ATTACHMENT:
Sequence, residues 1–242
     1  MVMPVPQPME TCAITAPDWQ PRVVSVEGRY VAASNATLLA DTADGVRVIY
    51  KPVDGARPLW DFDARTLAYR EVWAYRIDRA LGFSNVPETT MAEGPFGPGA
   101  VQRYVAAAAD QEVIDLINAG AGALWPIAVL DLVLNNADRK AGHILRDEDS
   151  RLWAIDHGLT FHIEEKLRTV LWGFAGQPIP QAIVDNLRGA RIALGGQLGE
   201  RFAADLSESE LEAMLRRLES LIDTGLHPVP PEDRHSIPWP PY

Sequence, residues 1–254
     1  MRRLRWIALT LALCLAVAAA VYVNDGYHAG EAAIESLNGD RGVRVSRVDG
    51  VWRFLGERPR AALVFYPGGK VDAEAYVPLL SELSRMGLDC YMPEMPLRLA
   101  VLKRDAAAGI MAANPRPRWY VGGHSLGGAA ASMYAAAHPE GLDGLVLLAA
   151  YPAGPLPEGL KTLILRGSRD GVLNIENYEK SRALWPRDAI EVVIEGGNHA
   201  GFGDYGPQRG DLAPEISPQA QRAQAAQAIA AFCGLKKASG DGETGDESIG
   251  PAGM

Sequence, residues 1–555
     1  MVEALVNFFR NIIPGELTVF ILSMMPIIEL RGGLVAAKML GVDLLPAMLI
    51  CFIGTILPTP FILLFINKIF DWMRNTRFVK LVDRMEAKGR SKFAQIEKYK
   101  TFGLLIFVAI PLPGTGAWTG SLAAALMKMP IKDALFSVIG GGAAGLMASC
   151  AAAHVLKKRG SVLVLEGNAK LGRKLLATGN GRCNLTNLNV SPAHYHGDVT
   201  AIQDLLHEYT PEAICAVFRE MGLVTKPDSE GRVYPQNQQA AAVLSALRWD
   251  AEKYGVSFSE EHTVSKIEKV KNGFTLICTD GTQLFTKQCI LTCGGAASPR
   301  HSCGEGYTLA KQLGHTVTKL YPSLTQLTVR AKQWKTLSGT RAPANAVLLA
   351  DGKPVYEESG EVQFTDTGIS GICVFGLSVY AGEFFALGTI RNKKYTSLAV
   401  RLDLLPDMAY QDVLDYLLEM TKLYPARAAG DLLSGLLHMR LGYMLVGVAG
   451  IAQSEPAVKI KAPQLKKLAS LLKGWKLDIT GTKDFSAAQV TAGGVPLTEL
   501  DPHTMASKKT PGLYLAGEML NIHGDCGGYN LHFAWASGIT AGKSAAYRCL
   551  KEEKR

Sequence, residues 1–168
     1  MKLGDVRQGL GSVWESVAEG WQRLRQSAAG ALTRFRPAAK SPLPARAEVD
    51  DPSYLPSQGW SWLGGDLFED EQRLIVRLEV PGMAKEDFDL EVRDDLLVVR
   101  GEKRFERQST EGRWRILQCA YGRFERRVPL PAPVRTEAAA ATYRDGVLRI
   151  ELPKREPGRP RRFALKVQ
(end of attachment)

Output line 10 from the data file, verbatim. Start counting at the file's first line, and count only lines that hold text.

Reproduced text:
   101  VLKRDAAAGI MAANPRPRWY VGGHSLGGAA ASMYAAAHPE GLDGLVLLAA